[Hi there. K. Griff giveaway results will be announced as soon as Dan gets to work and sees the email I sent at 5:30 this morning asking him to text me random numbers as soon as he sees this. Although truthfully I'll probably be asleep by that time, soooooo...here's hoping I eventually get the energy to get out of bed, find my phone and take it off vibrate, huh?? FINGERS CROSSED!!!!!1XOXOXOX]
Just kidding, this one is mostly shit jokes, although I do want to thank the commenters who said they would help me move. I appreciate it and would have taken you up on it, except for the fact that the few times I’ve met readers I’ve tried and hopefully succeeded in making a decent impression, and I didn’t want to ruin my track record by having you see me standing in a dusty room, things strewn everywhere, holding a butter dish to my chest while weeping and murmuring “Ethel! We have to hide this before Ricky gets home. Help me, Ethel. What will Ricky say when he gets home? Oh, Ethel.” I don’t have a lot of dignity, but I do prefer to have my nervous breakdowns in private. I am very grateful, though, and will definitely enlist you to help me move a body should the occasion arise. (Does anyone else have recurring nightmares that there just happens to be a corpse in your house for some vague reason that you have to hide?)
One of the many, many crosses I bear in this life is the increasingly intense mutual admiration between Meg and my father. When I was elevated to Other Bird, I told Dad about the blog and he read some of the archives and sent me an email saying in essence “You’re funny, but Meg is something mystical, almost more than human. Her laugh brings tears of joy to the eyes of old men, and the sound of her voice brings an end to war. Every word that flows from her pen redefines the English language as the tongue of angels, and her beauty and grace fill churches with former atheists.” I was advised to cling to Meg like a bird on a rhinoceros, eating the little fleas of fame that might jump my way. (Which was of course good advice and which I have done.) Meg, for her part:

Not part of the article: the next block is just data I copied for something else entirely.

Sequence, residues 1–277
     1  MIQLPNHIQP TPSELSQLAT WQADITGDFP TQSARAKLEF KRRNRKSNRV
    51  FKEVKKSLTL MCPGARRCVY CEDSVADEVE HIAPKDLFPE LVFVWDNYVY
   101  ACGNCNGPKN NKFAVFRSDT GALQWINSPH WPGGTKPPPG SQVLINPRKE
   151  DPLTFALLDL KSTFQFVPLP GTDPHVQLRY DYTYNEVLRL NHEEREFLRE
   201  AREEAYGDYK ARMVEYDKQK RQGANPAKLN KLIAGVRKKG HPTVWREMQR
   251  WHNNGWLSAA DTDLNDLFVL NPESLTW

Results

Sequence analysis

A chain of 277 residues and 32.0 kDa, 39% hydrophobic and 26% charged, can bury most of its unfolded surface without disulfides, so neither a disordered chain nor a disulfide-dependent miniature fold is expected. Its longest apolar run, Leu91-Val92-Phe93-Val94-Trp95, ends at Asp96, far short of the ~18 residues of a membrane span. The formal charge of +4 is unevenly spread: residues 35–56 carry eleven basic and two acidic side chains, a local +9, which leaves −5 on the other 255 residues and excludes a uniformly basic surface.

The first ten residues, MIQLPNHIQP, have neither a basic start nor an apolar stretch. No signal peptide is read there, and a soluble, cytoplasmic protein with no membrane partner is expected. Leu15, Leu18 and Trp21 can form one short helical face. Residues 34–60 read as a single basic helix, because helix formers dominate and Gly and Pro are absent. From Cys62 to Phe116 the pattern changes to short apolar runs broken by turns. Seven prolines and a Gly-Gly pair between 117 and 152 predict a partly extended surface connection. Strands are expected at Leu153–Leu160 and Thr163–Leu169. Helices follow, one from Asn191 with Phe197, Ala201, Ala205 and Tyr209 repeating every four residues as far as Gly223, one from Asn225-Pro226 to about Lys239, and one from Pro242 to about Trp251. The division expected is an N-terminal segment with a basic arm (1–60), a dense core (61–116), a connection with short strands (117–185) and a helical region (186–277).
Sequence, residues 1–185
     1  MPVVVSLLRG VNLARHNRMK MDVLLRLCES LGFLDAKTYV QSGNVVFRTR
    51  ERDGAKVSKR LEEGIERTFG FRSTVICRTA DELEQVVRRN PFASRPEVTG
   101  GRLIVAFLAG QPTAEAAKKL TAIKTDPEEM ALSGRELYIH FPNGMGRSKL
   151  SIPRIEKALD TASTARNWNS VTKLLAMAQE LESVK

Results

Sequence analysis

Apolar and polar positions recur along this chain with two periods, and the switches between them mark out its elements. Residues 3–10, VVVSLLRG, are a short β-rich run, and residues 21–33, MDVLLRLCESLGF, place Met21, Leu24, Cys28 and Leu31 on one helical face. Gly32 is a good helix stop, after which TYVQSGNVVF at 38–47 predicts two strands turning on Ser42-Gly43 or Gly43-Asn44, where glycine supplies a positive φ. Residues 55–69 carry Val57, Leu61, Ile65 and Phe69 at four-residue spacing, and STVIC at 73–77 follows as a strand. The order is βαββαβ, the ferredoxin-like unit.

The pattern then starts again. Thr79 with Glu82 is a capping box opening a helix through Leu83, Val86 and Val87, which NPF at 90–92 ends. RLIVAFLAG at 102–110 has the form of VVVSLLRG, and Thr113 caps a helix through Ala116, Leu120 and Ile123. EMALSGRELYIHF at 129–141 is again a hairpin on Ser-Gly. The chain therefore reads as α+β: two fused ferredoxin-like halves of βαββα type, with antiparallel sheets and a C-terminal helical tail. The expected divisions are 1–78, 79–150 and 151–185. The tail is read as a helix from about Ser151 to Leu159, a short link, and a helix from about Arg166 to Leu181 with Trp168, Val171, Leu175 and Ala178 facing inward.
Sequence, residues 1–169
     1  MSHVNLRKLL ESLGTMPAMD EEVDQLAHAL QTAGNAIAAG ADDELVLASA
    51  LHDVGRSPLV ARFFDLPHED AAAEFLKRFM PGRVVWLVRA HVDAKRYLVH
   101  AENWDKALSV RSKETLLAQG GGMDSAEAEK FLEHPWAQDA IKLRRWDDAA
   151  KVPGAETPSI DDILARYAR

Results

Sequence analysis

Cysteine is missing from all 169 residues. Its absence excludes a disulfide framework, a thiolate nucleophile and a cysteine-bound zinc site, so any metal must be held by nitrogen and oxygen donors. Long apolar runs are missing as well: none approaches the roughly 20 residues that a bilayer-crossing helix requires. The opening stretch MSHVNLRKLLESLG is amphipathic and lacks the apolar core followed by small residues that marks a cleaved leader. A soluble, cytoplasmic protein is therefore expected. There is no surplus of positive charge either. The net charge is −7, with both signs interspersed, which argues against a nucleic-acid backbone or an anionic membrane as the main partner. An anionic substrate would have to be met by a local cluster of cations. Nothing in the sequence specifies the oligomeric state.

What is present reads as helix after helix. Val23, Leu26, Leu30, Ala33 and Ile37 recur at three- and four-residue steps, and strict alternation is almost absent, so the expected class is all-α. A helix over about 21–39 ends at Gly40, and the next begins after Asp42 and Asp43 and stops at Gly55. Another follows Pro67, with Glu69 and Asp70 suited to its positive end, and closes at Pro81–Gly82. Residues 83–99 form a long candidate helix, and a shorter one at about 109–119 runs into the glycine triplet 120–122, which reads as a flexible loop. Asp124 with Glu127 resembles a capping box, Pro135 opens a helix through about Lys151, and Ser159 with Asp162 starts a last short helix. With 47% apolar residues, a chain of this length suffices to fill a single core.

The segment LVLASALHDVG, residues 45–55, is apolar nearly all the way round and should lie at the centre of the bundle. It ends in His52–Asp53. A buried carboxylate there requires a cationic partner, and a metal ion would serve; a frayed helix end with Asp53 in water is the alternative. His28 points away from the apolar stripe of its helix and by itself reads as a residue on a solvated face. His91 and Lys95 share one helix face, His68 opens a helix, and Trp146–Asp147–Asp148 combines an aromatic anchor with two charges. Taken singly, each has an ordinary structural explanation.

“Your dad is a calm older man with a good job right, yes?”
“Is he married?”
“Not technically, but…”
“Chris, do you think I’m pretty?”
“Do you think your dad would… I mean, you wouldn’t have to call me ‘Mom.’ You would on the blog, of course, for professional reasons, but not at home or anything. Unless of course there was company. Tell your Dad I have strong Jewish ovaries and could give him sons.”
“He has a son.”
At this rate, they’ll be using me to pass notes at study hall within the week. The most maddening thing about this is that, since Meg is not his actual child, our behavior is judged by different standards. For example:
Meg drinks too much beer and falls down in the middle of the road: “She’s so zesty and full of life.”
I drink too much beer and fall down in the middle of the road: “Oh, Chris.”
Meg sits around in her underpants all day eating peanut butter with a finger and watching Shark Week: “She’s doing research for the blog. Sharks are funny. What a trooper!”
I sit around in my underpants all day eating peanut butter with a finger and watching Shark Week: “Oh, Chris.”
Meg gets paid five hundred dollars for a well-written freelance article: “I’m so proud of her.”
I get paid fifty dollars for going to a man’s house I met on craigslist, cleaning his oven wearing only an apron, high heels, and pearls, and then telling him he’s been bad and to wait until his father gets home: “Oh, Chris.”
The worst example of this is laziness. I’ve been in trouble consistently from birth for being lazy. Before birth, actually, since I was three weeks late and only starting trying to get out when I smelled pumpkin pie. All my life it’s been “Chris, do your homework. Chris, get a job. Chris, shift your weight so you don’t get another bedsore,” while Dad actually said “One of the most endearing things about Meg is her extreme laziness.” Oh, my God, can you please love me for who I am like in a TV movie about ice skaters, please?